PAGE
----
Sergio García, America's First Illegal Immigrant Lawyer, May Run for Governor
The first attorney in history to receive admission to a state bar association despite being in America illegally says practicing law isn't the limit for him; he might run for governor of California.
Sergio García, who was brought into the country illegally at 17 months and has been waiting 19 years for a legal permit, stayed in America, and graduated from Cal Northern School of Law in 2009, told EFE that he could see himself "launching a political campaign."
"Insofar as it's legally possible for me, I'm thinking of launching a political campaign with the aim of eventually, perhaps many years from now, running for governor," he said.
He noted that he is still very much interested in practicing law, but that being undocumented in the United States poses barriers even for an admitted member of the California bar. While the California bar wanted to accept him, his case reached the California Supreme Court when the Justice Department objected to his admission on account of his legal status. And many things remain out of reach for Garcia.
It is illegal, for example, for any firm to hire him and for him to receive payment from clients. "I can't take a job from a person who's here legally, but there's absolutely no law that says that I can't create my own job and open my own company," he noted, which means that, as a lawyer, he may have to hang up his own shingle. And Garcia added that this is where the idea of running for public office came: there are no specific rules for some low-level offices mentioning legal status in the United States, and "many years from now," it is possible Garcia's status in the country will be stabilized.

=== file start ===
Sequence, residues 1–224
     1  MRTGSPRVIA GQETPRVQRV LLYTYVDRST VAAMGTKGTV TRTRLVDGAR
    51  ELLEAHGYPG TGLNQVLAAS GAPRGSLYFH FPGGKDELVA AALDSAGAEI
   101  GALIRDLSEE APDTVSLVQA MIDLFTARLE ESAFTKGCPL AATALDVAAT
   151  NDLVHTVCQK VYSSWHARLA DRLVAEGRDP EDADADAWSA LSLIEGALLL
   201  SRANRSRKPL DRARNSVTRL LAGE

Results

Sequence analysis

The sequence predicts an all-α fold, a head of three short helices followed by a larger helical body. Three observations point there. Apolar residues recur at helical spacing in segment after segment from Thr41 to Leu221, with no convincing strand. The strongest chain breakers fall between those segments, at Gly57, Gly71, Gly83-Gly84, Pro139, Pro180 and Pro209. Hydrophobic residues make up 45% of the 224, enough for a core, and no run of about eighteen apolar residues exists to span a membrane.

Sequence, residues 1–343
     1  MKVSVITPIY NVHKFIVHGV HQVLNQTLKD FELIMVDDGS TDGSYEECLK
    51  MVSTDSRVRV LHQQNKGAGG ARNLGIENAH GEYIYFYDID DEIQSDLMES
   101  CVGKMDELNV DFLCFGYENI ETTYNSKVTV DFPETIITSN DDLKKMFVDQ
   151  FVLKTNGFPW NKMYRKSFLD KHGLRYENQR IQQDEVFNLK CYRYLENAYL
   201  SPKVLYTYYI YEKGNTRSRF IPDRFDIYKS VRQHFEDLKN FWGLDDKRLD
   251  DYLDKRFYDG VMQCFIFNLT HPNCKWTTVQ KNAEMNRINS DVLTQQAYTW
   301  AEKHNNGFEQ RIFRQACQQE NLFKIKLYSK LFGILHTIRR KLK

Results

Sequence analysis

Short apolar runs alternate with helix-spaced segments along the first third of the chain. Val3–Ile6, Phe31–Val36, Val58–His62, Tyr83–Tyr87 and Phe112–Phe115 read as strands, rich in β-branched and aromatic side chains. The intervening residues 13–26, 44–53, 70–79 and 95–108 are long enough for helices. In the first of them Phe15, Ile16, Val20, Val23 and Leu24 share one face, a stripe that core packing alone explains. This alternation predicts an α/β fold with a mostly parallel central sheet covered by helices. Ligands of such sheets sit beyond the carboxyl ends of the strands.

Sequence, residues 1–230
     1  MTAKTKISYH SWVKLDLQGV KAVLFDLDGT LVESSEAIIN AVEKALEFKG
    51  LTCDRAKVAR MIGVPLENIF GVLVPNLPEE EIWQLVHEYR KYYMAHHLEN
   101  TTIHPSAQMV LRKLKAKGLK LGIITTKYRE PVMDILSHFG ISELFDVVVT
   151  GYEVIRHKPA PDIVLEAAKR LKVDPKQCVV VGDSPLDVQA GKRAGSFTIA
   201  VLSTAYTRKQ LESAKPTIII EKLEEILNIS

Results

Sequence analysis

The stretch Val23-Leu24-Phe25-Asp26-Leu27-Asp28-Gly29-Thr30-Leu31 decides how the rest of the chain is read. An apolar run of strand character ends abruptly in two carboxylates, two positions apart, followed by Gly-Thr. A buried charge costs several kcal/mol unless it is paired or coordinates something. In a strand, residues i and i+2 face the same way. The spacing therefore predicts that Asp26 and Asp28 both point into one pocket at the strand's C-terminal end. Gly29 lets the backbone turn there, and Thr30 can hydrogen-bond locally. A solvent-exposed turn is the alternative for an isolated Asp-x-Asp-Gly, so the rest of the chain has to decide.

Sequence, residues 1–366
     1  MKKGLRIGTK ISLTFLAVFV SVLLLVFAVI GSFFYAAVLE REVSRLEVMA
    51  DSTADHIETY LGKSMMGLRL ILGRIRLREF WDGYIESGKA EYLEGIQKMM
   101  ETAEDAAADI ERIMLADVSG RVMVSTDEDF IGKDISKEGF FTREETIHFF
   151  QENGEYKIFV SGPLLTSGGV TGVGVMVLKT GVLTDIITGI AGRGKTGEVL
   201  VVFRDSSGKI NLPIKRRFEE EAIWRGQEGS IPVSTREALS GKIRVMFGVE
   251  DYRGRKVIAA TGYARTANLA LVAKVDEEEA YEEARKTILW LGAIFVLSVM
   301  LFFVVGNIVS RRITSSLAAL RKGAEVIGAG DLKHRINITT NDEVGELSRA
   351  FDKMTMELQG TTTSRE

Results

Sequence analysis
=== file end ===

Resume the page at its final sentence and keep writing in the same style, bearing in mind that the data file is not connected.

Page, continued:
California became the first state to allow an illegal immigrant to practice law this month when the California Supreme Court ruled that Garcia, who graduated law school and passed the state bar, should be allowed membership. The California legislature had previously attempted to pass a bill that would allow illegal immigrants to work in the legal industry, but the state courts preempted it. Governor Jerry Brown signed a law shortly after the court decision cementing the practice, however. The Court's Chief Justice, Tani Catil-Sakauye, stated in the court decision that "the admission of an undocumented immigrant who has met all the qualifications for admission to the State Bar is fully consistent with this state's public policy."